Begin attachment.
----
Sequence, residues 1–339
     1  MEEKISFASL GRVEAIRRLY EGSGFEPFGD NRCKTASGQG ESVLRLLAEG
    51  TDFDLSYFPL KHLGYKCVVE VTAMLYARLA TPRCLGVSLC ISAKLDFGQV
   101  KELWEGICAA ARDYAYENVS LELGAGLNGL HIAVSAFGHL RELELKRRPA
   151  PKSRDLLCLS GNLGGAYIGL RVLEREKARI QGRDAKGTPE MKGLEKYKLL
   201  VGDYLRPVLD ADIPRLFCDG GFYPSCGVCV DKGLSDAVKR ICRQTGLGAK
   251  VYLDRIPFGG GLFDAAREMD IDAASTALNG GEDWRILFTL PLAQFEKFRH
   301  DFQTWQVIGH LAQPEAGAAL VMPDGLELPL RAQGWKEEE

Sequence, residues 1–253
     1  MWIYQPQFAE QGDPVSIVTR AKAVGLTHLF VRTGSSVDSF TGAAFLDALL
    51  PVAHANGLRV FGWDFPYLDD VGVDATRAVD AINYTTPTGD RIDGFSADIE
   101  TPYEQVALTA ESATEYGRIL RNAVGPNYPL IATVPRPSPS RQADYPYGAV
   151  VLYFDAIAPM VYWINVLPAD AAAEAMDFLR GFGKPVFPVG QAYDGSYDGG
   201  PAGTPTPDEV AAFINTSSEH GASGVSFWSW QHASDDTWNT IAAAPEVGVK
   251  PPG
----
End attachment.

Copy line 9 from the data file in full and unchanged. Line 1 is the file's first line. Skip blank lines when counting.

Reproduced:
Sequence, residues 1–253